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The SBC 5000 series supports Transport Layer Security (TLS) enabling SIP and HTTP applications to securely communicate on an insecure network, and to reliably verify the identity of a user via digital signatures. SIP/TLS applications may act as a TLS server or client for their respective TLS sessions. HTTP/TLS applications as a web server (for the EMA) always act as a TLS server for a TLS session. As a TLS session is being negotiated, the TLS server presents its digital certificate to its client for authentication and for encryption of client-generated shared secret. Sometimes, a TLS server may also request the client to send its certificate for mutual authentication as in the case of the SIP peering and the management access to the EMA that requires Common Access Card (CAC) based public key (PK) authentication. In any case, a TLS connection’s security is not established until every individual certificate on the chain presented by the peer device is successfully authenticated and Online Certificate Status Protocol (OCSP) validated.

The status of the certificates corresponding to established ongoing TLS sessions, however, may change over the lifetime of the TLS session, especially when the sessions are long-lived. The SBC periodically checks all certificates and trust chains associated with ongoing sessions, and then terminates any ongoing sessions if the corresponding certificates are revoked, no longer trusted, or expired.

Remote certificates are installed in the SBC for presentation along with local certificates, installed as trust anchors for the verification of credentials presented by peer devices, and installed as the OCSP responder certificates for the verification of signed OCSP responses. These installed remote certificates are not automatically renewed and thus can expire. The SBC gives the user an alert before any installed certificates are near expiration so the user can take action upon it.

Certificate Re-Check

Upon failure of any one of the checks, the SBC terminates the TLS session and logs a MAJOR level event (sonusSbxFailedCertificateReCheck) to alert the user. The one exception will be if OSCP is enabled but SBC does not receive revocation status of successful.good or successful.revoked, the corresponding TLS session continues for SIP/TLS.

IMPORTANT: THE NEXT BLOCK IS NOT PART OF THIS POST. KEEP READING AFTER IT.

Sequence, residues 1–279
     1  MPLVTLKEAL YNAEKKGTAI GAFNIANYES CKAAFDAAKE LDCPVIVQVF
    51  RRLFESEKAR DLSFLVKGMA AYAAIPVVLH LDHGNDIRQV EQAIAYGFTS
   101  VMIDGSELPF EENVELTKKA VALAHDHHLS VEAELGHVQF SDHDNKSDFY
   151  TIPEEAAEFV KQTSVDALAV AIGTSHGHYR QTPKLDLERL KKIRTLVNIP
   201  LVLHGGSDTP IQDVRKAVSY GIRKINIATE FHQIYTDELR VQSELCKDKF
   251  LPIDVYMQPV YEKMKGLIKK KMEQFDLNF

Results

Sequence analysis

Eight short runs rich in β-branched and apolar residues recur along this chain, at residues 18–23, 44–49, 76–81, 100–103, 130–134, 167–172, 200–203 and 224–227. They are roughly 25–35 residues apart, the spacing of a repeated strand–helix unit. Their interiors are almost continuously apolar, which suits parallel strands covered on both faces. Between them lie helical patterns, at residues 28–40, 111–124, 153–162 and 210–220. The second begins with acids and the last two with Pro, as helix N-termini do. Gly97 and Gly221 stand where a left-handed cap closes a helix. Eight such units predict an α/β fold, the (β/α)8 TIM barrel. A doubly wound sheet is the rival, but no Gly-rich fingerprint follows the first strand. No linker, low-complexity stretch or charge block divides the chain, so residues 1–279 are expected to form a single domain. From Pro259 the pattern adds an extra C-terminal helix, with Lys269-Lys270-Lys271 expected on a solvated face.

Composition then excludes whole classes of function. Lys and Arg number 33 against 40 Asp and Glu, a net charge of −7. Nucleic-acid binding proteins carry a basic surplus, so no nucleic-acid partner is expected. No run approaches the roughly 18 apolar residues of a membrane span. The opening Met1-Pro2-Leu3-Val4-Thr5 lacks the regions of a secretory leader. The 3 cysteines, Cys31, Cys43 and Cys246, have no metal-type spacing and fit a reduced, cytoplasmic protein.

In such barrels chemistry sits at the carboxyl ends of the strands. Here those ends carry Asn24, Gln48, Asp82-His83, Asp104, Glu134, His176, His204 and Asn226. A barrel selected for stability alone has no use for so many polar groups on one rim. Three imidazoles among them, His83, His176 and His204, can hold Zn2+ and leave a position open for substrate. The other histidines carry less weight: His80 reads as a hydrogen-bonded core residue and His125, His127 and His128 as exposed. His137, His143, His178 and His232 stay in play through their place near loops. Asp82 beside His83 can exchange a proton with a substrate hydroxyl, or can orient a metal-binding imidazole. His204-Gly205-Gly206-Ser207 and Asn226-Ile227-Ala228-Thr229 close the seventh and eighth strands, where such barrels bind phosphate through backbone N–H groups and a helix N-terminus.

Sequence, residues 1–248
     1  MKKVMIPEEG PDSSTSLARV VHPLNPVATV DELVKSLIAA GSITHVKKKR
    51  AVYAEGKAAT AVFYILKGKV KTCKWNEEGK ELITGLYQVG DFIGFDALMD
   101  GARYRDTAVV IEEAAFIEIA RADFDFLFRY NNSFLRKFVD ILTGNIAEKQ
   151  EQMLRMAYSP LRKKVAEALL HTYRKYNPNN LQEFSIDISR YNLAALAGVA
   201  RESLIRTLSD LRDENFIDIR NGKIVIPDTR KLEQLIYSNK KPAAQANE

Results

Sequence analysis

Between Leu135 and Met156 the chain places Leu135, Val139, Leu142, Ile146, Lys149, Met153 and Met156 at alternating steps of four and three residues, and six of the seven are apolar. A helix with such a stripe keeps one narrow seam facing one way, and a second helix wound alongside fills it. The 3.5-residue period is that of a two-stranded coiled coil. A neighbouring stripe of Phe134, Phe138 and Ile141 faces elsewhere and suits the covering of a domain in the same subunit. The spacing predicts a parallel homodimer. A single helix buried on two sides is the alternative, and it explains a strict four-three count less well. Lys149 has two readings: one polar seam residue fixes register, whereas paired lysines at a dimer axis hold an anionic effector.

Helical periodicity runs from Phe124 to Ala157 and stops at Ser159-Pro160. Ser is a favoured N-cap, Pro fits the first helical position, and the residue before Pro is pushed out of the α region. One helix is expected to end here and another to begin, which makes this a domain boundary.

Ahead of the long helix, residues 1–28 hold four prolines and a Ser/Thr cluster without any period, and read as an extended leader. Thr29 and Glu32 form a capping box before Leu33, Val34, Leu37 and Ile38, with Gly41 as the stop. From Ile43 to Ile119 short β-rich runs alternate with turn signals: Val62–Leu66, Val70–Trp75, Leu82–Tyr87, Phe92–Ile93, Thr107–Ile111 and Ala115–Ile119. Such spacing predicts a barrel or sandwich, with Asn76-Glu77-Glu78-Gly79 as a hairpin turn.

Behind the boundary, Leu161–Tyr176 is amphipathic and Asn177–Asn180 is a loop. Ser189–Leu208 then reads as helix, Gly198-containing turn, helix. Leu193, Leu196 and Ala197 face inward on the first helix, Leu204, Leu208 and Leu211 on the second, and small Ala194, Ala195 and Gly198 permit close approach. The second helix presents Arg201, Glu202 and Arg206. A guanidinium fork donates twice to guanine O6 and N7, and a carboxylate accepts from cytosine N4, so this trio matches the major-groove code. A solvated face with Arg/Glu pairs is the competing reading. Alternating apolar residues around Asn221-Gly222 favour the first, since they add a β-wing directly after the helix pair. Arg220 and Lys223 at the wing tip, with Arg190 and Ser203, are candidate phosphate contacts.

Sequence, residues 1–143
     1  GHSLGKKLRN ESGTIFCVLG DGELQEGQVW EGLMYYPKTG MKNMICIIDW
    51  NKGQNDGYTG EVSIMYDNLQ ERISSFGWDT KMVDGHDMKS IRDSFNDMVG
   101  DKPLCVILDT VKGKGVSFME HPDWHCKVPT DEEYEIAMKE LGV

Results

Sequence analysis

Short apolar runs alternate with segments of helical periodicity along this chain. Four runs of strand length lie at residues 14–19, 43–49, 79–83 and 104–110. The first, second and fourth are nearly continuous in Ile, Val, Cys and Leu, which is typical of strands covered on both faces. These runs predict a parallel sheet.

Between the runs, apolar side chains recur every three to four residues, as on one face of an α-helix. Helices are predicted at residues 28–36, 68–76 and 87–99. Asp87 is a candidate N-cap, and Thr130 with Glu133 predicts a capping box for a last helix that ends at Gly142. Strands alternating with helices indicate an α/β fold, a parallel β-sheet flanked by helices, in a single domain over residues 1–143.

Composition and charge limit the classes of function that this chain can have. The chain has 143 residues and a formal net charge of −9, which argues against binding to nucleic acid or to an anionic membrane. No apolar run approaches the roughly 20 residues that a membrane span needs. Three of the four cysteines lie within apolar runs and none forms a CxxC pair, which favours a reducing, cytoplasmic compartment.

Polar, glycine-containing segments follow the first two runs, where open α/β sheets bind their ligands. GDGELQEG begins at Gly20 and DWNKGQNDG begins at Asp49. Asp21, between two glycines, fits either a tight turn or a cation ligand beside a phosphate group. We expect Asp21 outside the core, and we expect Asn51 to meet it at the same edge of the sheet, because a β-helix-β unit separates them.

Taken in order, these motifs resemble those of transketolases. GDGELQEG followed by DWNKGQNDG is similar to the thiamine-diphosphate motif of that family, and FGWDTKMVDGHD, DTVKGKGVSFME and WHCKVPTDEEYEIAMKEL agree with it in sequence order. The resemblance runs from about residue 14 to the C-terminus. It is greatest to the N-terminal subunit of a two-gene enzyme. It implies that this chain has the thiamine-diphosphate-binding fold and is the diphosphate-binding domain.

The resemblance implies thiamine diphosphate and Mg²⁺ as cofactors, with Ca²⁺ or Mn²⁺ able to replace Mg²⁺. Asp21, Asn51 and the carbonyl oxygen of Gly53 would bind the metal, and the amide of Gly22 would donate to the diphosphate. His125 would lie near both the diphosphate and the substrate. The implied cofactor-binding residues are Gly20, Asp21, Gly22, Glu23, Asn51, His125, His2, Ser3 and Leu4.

Certificate Expiry Warning

SBC logs an event into the security event log at a high severity level when a local or remote certification installed on SBC is within 60 days of its expiration date. The event repeats based on the configuration available in the expiration periodic warning until the certification is replaced or deleted (even after it has expired).

Disabled certificates are not included in the certificate expiry warning check.

To View and Edit Cert Expiry Check

On SBC main screen, go to Configuration > System Provisioning > Security Configuration > Cert Expiry Check. The Cert Expiry Check window is displayed.

Figure : Security Configuration - Cert Expiry Check

 

The following fields are displayed:

Table : Cert Expiry Check Parameters

Parameter

Description

Cert Re Check Rate 

Specifies the interval, in hours, for SBC to re-check certificates. Select 'disable' to turn off this feature.  The default value is 24. The options are:

  • disable
  • 8-720 hours, in increments of 1 hour

Expiry Warning Threshold
 
 

Specifies the number of days prior to a certificate expiration date on which to generate an expiry warning message. Select 'disable' to turn off this feature. The default value is 60. The options are:

  • disable
  • 30-90 hours, in increments of 1 day

Expiration Periodic Warning 

Specifies the frequency, in days, for sending periodic warning reminders once the Expiry Warning Threshold has been met. Select 'disable' to turn off this feature. The default value is 7. The options are:

  • disable
  • 3-14 days, in increments of 1 day

Make the required changes and click Save at the right hand bottom of the panel to save the changes made.

 

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